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Byron Shire
April 22, 2021

The phone line that’s saving lives

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Every day many Australians are in danger of taking their own lives. Many succeed. Lifeline needs more volunteers to answer calls from people in crisis.

The most recent ABS statistics for deaths by suicide do not make comfortable reading. In 2017 3128 Australians took their own lives. That translates to more than 8 per day or 1 every 3 hours. This represents a significant increase on the 2866 people who took their lives in 2016. The national suicide rate has increased to 12.6 per 100,000 Australians, which is the second highest rate in 10 years.

It is time to recognise the scale of the challenge, and Lifeline, whose core belief is that suicide prevention is everybody’s business, is committed to playing its part in reducing deaths by suicide.

Lifeline volunteers, from all over Australia, answer more than 2000 calls every day but at busy periods there are calls that go unanswered. We need to answer every call and Lifeline needs your help to do that.

Lifeline volunteers are ordinary people doing extraordinary work. They come from all walks of life and all sorts of backgrounds, but they share one thing – a passion to save lives and make our community a better place.

If you share that passion, consider yourself an empathic person and have some time to contribute, it could be you who saves a life.

Lifeline’s Lismore-based volunteers are doing a great job – they will answer more than 20,000 calls in 2019, but they want to make an even more effective contribution by increasing volunteer numbers.

Currently there are approximately 65 Crisis Support volunteers working out of the Lismore Lifeline centre and we are looking to add at least 20 more to that number.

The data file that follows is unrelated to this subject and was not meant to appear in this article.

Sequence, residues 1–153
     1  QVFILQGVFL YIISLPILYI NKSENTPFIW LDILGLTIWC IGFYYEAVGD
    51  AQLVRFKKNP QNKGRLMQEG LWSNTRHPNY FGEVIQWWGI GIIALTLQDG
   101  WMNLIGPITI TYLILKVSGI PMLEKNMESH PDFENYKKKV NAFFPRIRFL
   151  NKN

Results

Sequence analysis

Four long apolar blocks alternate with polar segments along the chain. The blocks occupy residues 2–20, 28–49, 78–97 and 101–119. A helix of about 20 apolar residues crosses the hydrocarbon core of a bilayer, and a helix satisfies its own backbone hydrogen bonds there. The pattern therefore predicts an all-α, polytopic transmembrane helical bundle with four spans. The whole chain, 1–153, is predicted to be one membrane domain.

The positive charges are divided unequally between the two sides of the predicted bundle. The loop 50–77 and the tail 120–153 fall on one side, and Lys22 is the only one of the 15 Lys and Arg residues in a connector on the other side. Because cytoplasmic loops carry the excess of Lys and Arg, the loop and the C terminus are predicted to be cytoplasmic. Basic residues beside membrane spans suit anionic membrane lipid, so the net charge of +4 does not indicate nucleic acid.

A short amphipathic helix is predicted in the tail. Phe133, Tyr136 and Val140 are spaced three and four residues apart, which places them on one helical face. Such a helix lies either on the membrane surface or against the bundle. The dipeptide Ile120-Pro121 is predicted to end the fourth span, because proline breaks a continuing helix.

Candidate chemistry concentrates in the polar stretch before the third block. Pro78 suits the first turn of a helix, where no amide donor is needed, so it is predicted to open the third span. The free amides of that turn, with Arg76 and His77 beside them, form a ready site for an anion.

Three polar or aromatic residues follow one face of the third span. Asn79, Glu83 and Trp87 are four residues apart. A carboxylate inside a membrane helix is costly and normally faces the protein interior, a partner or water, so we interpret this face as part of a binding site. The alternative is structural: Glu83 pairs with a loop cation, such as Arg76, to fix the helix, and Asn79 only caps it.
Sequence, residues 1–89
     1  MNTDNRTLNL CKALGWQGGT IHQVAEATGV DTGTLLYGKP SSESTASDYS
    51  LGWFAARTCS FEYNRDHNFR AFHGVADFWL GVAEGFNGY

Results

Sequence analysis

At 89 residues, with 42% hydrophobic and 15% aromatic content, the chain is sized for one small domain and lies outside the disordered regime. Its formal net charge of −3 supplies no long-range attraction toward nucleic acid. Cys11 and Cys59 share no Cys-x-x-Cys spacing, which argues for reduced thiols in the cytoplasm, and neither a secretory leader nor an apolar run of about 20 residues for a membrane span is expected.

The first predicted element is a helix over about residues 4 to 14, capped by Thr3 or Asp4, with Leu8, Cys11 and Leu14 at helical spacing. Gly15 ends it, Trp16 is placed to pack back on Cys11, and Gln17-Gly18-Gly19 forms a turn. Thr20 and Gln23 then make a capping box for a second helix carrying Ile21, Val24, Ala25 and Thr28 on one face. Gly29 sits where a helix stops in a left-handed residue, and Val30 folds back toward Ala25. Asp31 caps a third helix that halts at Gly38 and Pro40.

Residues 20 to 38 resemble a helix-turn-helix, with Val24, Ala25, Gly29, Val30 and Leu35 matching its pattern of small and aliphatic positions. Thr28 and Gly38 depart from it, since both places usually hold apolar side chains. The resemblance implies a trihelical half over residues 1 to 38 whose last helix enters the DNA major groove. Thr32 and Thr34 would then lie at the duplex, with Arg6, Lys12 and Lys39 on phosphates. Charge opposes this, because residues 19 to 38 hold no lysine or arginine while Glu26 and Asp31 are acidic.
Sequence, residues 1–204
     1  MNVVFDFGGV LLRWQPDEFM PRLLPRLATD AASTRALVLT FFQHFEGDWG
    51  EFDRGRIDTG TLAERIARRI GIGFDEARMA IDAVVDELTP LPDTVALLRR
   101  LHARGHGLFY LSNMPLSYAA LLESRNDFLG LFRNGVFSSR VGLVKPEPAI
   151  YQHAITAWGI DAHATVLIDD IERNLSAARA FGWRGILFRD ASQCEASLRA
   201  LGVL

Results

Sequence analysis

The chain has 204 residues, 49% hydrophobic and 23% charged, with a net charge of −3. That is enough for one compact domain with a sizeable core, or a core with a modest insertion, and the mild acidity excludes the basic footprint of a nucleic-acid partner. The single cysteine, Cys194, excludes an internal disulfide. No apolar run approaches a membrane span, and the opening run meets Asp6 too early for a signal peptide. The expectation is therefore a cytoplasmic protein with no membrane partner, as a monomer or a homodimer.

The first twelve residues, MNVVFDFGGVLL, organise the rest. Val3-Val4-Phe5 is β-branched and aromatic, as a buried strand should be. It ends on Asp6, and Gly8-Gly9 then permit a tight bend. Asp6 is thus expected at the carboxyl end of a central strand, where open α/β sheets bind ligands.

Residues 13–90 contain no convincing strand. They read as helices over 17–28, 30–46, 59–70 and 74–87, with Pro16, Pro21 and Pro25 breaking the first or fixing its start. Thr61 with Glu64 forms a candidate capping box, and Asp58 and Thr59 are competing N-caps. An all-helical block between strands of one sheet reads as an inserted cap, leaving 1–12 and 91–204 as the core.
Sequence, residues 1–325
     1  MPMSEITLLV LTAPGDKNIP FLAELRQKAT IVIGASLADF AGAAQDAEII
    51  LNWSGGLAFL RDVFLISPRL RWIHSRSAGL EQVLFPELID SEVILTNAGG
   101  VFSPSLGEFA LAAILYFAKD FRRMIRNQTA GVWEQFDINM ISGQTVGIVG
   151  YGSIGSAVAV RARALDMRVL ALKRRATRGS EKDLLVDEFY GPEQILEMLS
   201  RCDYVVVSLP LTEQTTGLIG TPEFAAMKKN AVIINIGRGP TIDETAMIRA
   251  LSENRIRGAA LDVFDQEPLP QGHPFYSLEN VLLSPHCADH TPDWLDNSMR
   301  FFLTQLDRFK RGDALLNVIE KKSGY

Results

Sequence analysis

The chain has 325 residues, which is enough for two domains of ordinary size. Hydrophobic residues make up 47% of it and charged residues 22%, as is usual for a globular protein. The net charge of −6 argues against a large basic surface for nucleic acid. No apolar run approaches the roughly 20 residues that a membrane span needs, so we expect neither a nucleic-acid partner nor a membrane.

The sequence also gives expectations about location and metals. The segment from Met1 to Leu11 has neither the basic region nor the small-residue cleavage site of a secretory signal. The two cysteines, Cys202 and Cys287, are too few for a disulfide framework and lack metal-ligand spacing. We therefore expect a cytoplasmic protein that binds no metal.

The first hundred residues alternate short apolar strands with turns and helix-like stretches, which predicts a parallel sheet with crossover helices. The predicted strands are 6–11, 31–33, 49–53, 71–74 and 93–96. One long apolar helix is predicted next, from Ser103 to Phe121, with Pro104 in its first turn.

This additional staffing is required to do better for our community, particularly at those times where the need for extra resourcing is greatest, early mornings, evenings and weekends.

Lifeline offers a life-saving and life-changing alternative. It is always there for those confronting crisis and suicide, but also for those who trust Lifeline with their ongoing and often complex problems. There are never any hoops to jump through or barriers to receiving help or judgements made – Lifeline provide a confidential and caring service and are only a phone call or online chat away. With Lifeline Centres, staff and volunteers based in every State and Territory across the country, there is a strong relationship with the community, in fact Lifeline answers more calls than all the other Australian helplines combined.

Training includes a significant element of on-line eLearning reinforced by six classroom-based modules and two days of experiential training. This leads to a closely supervised and supported workplace training program which prepares the volunteer for their lifesaving role as a Crisis Supporter with Lifeline.

If you are an empathic person who values community and are interested in working with people and saving lives – this could be a great opportunity for you. To receive a detailed information pack about the training –

Email: [email protected] or call 6622 4133.


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